Far-right activist ‘Baked Alaska’ is among the latest Capitol rioters to be arrested.


Anthime Joseph Gionet, a far-right media personality nicknamed “Baked Alaska” who is known for livestreaming himself participating in illegal activity, was arrested by the F.B.I. on Friday and accused of illegally storming the Capitol during the attack on the building by President Trump’s supporters last week.

Mr. Gionet, who has been banned from Twitter and YouTube for his content, livestreamed himself in the mob on DLive, a streaming service becoming more popular after a mass exodus of right-wing figures from more mainstream platforms. He posted a video that showed supporters of Mr. Trump taking selfies with officers in the Capitol who calmly asked them to leave the premises. The video showed the Trump supporters talking among themselves, laughing, and telling the officers and each other: “This is only the beginning.”

Mr. Gionet was arrested in Houston on Friday, according to the Justice Department’s website, and charged with two federal crimes. In a court filing, Nicole Miller, an F.B.I. agent, said Mr. Gionet had recorded a 27-minute video in which he appeared to chant, “Patriots are in control,” and said, “We are in the Capitol building, 1776 will commence again.”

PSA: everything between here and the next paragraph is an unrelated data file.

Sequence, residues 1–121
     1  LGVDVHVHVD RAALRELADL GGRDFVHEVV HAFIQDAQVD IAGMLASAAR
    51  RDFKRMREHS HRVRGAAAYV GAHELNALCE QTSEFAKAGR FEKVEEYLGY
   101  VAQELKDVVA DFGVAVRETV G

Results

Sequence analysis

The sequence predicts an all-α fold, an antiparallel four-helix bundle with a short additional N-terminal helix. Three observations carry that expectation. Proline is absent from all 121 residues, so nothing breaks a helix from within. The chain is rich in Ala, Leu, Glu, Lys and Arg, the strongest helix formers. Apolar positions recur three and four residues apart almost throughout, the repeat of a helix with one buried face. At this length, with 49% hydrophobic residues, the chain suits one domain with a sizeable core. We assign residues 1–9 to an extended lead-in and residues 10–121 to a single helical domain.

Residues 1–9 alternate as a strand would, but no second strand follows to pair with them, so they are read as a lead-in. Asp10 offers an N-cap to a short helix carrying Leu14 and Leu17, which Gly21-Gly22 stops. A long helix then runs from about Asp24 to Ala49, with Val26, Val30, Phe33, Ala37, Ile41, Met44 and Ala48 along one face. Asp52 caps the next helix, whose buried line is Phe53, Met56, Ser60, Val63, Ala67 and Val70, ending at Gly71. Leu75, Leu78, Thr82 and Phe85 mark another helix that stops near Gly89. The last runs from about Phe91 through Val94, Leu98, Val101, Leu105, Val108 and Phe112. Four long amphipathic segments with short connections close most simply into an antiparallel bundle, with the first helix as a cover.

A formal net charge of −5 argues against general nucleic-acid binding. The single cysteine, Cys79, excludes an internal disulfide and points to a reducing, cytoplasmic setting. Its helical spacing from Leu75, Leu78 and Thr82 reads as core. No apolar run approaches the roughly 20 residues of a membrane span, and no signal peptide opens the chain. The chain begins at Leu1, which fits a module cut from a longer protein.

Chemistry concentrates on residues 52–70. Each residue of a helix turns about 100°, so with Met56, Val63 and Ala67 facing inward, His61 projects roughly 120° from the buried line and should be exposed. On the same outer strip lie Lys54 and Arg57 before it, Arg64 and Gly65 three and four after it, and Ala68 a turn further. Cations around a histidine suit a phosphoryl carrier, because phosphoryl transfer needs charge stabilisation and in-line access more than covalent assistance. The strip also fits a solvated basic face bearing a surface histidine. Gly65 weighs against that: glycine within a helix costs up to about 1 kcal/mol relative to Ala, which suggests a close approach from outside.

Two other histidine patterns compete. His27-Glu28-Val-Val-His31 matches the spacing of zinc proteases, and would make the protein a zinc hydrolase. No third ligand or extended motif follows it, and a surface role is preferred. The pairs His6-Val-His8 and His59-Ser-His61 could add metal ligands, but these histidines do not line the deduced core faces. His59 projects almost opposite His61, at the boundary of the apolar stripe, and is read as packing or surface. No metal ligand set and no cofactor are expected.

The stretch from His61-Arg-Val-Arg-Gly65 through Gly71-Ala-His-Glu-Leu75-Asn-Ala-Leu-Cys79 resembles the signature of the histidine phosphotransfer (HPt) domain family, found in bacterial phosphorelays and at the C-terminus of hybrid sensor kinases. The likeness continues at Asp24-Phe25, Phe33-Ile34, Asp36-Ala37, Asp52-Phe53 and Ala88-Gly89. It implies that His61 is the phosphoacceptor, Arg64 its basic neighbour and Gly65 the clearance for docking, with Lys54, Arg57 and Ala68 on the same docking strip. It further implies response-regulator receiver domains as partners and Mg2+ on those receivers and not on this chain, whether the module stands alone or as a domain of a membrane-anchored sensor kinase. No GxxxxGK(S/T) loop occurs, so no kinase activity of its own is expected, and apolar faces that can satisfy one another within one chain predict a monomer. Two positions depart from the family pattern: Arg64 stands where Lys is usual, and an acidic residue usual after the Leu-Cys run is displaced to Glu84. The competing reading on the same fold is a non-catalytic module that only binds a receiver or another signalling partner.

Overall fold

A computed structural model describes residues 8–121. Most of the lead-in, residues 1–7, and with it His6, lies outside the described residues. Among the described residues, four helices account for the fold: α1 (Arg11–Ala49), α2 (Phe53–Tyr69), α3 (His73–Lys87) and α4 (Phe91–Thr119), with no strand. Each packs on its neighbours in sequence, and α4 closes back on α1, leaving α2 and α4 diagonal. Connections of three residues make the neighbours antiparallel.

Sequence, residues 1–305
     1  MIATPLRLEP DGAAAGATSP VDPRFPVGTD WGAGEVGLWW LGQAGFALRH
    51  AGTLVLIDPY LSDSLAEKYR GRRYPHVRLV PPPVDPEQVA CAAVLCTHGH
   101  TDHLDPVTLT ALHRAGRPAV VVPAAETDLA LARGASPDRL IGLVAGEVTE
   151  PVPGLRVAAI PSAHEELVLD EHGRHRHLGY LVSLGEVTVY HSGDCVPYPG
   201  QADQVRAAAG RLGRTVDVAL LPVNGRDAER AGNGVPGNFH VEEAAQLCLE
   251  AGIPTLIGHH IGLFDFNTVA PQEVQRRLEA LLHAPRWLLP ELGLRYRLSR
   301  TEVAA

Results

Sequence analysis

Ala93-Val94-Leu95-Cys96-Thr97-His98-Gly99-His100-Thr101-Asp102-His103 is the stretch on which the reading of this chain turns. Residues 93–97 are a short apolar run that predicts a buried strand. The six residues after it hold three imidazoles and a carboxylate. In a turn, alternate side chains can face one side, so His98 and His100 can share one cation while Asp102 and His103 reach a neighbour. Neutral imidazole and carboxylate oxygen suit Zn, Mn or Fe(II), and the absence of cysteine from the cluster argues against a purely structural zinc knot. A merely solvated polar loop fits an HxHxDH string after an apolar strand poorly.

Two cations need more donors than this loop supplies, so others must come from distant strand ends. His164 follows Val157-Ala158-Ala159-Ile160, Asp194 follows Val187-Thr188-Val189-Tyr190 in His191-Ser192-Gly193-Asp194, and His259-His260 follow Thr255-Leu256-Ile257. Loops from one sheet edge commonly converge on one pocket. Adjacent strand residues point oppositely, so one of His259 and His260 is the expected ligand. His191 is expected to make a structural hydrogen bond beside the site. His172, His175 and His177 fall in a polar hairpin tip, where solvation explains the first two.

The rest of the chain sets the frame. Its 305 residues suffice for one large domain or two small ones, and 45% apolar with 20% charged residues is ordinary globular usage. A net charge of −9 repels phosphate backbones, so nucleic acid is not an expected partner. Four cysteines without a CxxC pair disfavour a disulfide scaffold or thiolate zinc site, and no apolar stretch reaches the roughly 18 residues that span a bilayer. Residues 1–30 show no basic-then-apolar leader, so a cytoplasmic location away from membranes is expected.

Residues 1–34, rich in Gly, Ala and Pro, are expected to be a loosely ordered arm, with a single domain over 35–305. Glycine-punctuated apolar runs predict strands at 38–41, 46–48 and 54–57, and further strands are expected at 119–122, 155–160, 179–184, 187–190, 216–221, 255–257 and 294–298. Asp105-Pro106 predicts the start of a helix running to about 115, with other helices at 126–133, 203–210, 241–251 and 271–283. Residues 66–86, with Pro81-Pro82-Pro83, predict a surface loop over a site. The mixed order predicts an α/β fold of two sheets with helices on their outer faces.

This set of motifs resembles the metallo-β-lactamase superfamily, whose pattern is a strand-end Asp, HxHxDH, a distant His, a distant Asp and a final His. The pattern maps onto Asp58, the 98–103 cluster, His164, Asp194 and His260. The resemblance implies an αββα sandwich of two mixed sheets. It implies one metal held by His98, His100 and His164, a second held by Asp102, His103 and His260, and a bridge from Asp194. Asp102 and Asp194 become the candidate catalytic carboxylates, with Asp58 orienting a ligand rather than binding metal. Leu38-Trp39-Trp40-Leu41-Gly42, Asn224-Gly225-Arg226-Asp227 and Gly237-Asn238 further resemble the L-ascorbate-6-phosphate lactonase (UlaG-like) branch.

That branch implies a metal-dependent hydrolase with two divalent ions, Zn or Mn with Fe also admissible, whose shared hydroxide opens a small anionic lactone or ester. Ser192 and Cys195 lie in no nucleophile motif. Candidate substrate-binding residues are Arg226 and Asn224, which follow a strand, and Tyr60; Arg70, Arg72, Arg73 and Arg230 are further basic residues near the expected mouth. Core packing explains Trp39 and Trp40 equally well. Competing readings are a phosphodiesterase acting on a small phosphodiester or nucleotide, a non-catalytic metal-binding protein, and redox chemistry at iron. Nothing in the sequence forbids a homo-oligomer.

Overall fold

The authorities on Saturday also arrested Lisa Marie Eisenhart, the mother of Eric Gavelek Munchel, the man pictured holding zip ties in the Capitol during the riot. Jack Jesse Griffith, another person arrested Saturday, was identified through an Instagram video posted by someone else at the riot, according to documents. Both were arrested in Tennessee.

Over 70 arrests have been made in relation to the riots, and at least 170 cases have been opened. Many of the mob participants have been easily identified through their social media posts.

Emily Hernandez, a woman photographed with part of the wooden name plate torn from the entrance to Speaker Nancy Pelosi’s office, was charged in federal court on Friday.

Ms. Hernandez was seen in numerous videos and photographs holding Ms. Pelosi’s splintered nameplate like a prized keepsake. According to documents from the F.B.I., the agency received tips about Ms. Hernandez from her friends and acquaintances after she posted pictures and videos of herself parading around with the nameplate on Facebook and Snapchat. One tipster recognized her from a widely circulated video by ITV News, which is based in Britain.

Jenna Ryan, a real estate broker from Frisco, Texas, who took a private plane to Washington to participate in the mob, was also charged on Friday. She was easily identified after she posted about her participation in various ways, including by posting a picture to her Twitter account that showed her standing in front of a broken window at the Capitol with the caption, “Window at The capital.”

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